Can Your Diet Cause or Reduce the Risk of Cancer?

Cancer is among the leading causes of death worldwide and according to the National Cancer Institute (NCI), there will be nearly 1,735,350 new diagnoses in the U.S. alone and 609,640 individuals may die from it.

Though cancer may be one of the major causes of death, experts believe that nearly 30 to 50 percent of all types of cancers may be prevented by leading a healthy lifestyle — a balanced diet, regular exercise and mindful practices to reduce stress.

Best and Worst Foods for Cancer

Experts who study different types of cancer have noticed that certain foods might increase the risk of developing cancer while other foods can reduce the risk. Foods with certain nutrients might also help with coping with the aftermath of various treatments too.

One of the major findings was that vegans and vegetarians had a considerably lower risk of developing or succumbing to any type of cancer — more precisely, 15 percent and 8 percent lower risk, respectively.

Nutritionists and cancer experts believe that this is because individuals following either diet have an abundant intake of fresh produce and a relatively low intake of processed foods or meats that may increase the risk of cancer.

List of foods that may increase the risk of cancer:

  • Dairy

A study that followed 4,000 men diagnosed with prostate cancer found that the intake of whole fat dairy sped up the progression of the disease and even increased the risk of death. Some studies have also found that a more than average consumption of dairy may increase the risk of developing prostate cancer.

Though the link is still being studied, it is believed that this increase in risk may be caused by the calcium, estrogen and other components present in the milk obtained from pregnant cows.

  • Processed meat

Various studies have found a link between the regular consumption of processed meats like hot dogs, salami, bacon and an increased risk of colorectal cancer. It has been noted that individuals consuming very high quantities of these meats might have a 20 to 50 percent increased risk while those who consumed 50 grams of processed meats a day had an 18 percent higher risk of colorectal cancer.

  • Foods cooked at high temperatures

Cooking techniques like grilling, deep frying and barbecuing may be harmful because it could cause the build-up of carcinogens like heterocyclic amines (HA) and advanced glycation end-products (AGEs), which can cause or increase inflammation. It is recommended to not char or burn foods high in fat and protein like red meat, cream cheese, oils, nuts and some types of cheese.

Note: It is recommended to use techniques like steaming or boiling that need lower temperatures.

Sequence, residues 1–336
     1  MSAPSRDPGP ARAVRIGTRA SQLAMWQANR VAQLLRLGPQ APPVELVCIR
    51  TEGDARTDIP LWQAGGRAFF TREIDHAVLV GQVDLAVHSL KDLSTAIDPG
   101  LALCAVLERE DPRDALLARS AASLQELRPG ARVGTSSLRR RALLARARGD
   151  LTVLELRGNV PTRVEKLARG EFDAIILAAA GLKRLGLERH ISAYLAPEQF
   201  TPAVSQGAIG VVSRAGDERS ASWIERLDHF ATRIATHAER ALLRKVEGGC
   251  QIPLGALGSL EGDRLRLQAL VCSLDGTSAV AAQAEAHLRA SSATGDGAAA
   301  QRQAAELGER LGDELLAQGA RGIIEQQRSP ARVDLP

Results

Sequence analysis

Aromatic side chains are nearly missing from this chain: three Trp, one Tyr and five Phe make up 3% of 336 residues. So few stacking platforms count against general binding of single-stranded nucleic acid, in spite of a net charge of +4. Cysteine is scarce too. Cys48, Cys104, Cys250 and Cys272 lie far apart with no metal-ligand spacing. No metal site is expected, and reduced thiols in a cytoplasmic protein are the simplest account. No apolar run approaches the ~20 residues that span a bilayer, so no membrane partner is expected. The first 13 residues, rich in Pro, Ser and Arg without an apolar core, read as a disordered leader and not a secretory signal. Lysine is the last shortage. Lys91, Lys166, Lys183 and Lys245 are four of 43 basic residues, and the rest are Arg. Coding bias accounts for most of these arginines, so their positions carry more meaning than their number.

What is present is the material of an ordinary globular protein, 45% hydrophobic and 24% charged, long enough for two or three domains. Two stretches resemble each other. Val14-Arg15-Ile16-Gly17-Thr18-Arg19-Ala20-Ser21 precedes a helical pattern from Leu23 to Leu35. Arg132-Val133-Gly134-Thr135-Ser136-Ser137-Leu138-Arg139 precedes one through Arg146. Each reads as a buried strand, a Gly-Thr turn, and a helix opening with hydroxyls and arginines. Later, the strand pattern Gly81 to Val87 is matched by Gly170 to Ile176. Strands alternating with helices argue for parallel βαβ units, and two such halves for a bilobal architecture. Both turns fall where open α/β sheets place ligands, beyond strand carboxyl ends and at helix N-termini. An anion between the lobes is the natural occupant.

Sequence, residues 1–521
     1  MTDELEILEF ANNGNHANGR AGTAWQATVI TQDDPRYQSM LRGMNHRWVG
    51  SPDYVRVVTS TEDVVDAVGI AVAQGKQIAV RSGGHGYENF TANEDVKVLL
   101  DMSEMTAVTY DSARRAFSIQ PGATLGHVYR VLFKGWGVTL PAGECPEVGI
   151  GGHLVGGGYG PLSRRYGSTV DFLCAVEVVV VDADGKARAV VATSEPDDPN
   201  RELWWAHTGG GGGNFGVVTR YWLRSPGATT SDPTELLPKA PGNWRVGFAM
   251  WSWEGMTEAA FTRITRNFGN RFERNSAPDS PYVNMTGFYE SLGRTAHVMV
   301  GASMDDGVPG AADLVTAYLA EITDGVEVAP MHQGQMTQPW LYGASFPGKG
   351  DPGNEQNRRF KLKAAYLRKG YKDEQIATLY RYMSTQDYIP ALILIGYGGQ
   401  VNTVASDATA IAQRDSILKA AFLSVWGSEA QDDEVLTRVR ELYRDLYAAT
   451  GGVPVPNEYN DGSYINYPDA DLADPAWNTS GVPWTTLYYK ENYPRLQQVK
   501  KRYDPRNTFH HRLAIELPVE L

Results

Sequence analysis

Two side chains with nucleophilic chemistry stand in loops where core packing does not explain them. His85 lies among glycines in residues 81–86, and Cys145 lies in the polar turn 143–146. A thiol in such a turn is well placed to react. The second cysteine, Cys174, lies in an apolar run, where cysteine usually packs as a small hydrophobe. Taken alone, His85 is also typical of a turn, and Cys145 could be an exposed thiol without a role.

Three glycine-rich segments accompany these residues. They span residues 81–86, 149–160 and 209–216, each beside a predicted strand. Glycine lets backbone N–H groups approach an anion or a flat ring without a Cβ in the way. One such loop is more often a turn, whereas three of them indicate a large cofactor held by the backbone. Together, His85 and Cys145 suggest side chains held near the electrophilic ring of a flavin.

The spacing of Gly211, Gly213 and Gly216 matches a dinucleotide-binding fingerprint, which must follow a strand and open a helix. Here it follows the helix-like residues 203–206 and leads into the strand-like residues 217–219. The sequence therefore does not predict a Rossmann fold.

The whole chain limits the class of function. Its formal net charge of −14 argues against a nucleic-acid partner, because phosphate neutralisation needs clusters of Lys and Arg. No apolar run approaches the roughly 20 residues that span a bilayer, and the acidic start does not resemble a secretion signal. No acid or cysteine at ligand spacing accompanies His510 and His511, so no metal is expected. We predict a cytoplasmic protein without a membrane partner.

• Foods high in sugars and simple carbohydrates

Researchers have found that a regular intake of foods that cause a fluctuation in blood sugar levels might increase the risk of certain cancers like that of the breast and stomach. A study that observed more than 47,000 individuals noticed that those consuming foods high in simple carbs doubled their risk of succumbing to colon cancer when compared to those who ate minimal simple carbs. Having diabetes also increases the risk of colorectal cancer by 122 percent and thus it is recommended to stay away from processed foods that tend to contain high amounts of sugar.

While these groups of foods might increase the risk of certain cancers, there are others that can reduce the risk of developing cancer, including:

  • Cauliflower, carrots and tomatoes
  • Citrus and berries
  • Garlic
  • Curcumin
  • Beans and legumes
  • Fish
  • Flaxseeds
  • Nuts
  • Olive oil

While healthy lifestyle habits might reduce the risk of certain cancers, it is recommended to understand your personal risks from your doctor and get any symptoms checked out before it is too late.

The content of this Website is for informational purposes only, is general in nature and is not intended to diagnose, treat, cure or prevent any disease, and does not constitute professional advice. The information on this Website should not be considered as complete and does not cover all diseases, ailments, physical conditions, or their treatment. You should consult with your physician before beginning any exercise, weight loss, or health care program and/or any of the beauty treatments. 


References

Cancer Statistics. (n.d.). Retrieved from https://www.cancer.gov/about-cancer/understanding/statistics

Brown, M. J. (2018, October 07). Cancer and Diet 101: How What You Eat Can Influence Cancer. Retrieved from https://www.healthline.com/nutrition/cancer-and-diet